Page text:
Did the US team try to play a better brand of soccer than past editions of the American team? Has Porter helped a talented generation of creative players and introduced them to an attacking style of soccer that could lead to better results on the senior national team level one day?

It’s tough to look at this past the Olympic qualifying tournament and say so. Yes, the Americans certainly looked impressive against an overmatched Cuba, but promptly looked very ordinary playing against a Canada side that was content to bunker and counter, and had far too easy a time stifling this new brand of American attacking soccer.

Then there was the El Salvador match, which the saw the Americans enjoy some impressive stretches, but hardly groundbreaking stuff we hadn’t seen before from US teams. If anything, the only unfamiliar sight we honestly saw from the US Under-23 national team was awful goalkeeping, something American fans certainly aren’t accustomed to.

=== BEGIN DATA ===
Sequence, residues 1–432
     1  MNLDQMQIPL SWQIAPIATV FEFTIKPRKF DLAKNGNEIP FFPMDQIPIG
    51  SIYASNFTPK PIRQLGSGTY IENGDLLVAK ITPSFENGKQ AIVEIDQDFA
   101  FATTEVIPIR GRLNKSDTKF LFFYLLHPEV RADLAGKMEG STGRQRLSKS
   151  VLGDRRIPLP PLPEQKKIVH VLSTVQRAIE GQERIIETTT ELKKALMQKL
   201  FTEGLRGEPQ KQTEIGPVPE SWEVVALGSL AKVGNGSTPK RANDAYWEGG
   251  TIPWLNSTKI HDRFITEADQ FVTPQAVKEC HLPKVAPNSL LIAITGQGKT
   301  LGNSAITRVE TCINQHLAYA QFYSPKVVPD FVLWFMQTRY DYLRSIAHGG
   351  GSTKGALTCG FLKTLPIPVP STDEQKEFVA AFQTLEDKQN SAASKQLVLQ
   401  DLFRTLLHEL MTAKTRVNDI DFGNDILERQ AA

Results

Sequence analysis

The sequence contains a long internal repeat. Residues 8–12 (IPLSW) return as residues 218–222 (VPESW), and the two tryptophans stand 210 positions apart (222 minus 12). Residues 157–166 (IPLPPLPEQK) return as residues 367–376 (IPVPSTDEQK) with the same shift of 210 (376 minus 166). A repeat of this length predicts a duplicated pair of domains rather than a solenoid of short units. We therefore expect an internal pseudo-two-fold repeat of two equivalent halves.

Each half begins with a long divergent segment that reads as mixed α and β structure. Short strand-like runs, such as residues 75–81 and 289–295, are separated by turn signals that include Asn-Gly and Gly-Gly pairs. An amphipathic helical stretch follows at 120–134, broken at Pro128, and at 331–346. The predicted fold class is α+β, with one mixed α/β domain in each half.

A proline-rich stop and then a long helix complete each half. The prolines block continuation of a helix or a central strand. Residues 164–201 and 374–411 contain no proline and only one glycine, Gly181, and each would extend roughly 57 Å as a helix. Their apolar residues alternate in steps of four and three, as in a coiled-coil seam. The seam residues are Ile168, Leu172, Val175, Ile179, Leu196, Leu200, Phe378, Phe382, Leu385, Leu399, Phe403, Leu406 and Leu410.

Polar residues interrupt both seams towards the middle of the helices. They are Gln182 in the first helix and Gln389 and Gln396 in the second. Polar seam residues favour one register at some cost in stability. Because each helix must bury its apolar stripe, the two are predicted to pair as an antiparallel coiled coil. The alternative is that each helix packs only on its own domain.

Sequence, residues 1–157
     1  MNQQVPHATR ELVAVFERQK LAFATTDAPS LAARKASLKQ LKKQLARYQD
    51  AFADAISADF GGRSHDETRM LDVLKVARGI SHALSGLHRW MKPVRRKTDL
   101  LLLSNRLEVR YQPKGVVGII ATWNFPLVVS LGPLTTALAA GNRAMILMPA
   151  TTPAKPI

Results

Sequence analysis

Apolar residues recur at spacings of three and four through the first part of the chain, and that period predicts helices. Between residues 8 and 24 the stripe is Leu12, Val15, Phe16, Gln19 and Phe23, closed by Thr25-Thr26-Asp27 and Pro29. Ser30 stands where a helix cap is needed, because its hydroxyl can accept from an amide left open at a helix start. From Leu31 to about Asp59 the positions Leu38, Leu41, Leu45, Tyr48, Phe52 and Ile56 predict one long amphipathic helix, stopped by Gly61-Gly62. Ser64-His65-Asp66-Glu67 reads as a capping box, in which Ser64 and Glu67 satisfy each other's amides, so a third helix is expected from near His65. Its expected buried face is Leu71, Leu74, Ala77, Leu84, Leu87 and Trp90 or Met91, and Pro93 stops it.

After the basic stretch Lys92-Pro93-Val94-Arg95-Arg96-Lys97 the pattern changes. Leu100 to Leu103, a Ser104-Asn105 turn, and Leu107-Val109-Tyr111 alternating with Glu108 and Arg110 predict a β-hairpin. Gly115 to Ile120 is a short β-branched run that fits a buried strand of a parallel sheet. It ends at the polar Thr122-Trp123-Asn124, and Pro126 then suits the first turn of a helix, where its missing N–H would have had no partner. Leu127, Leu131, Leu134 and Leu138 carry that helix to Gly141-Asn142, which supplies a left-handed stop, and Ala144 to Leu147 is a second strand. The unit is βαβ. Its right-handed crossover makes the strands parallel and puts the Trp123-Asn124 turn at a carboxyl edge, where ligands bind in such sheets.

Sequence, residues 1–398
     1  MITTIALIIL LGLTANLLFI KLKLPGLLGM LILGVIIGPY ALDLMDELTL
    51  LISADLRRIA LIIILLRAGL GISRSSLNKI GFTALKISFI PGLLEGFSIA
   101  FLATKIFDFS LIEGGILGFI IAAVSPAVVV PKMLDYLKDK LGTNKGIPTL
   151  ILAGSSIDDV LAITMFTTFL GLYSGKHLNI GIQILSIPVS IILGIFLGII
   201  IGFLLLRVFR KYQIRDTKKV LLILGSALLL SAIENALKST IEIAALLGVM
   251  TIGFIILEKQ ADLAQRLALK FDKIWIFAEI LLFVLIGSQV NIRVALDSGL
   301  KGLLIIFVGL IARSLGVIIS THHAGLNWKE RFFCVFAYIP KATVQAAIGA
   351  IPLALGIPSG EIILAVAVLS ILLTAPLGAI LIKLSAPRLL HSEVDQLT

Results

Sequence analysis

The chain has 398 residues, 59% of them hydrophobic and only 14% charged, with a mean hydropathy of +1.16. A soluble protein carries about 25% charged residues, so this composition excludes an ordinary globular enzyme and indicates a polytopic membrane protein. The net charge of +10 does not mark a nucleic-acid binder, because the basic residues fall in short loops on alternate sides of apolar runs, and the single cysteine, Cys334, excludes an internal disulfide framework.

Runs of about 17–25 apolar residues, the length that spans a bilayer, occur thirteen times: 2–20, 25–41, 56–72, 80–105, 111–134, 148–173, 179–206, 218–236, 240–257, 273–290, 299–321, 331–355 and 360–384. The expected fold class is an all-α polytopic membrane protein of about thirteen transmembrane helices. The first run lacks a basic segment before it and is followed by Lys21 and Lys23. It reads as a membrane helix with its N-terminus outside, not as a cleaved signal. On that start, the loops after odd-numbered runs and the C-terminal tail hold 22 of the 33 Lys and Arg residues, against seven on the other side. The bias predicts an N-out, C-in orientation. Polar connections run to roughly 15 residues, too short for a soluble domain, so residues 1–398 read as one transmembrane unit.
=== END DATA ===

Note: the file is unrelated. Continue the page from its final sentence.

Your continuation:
The sad thing is the best performance this team delivered under Porter came before the Olympic qualifying tournament, against arch-rival Mexico. In that game, we saw crisp passing, high-pressure defending, a focus on technical soccer and signs that maybe, just maybe, Porter’s ambitious plan and Klinsmann’s lofty hopes for American soccer were attainable.

Unfortunately for US fans who got their hopes up after watching that game, we only saw that sort of quality in the team’s opening rout of a 10-man Cuba side. The next two games were case studies in chaotic defending and terrible goalkeeping, and frantic, desperate soccer rather than beautiful attacking football.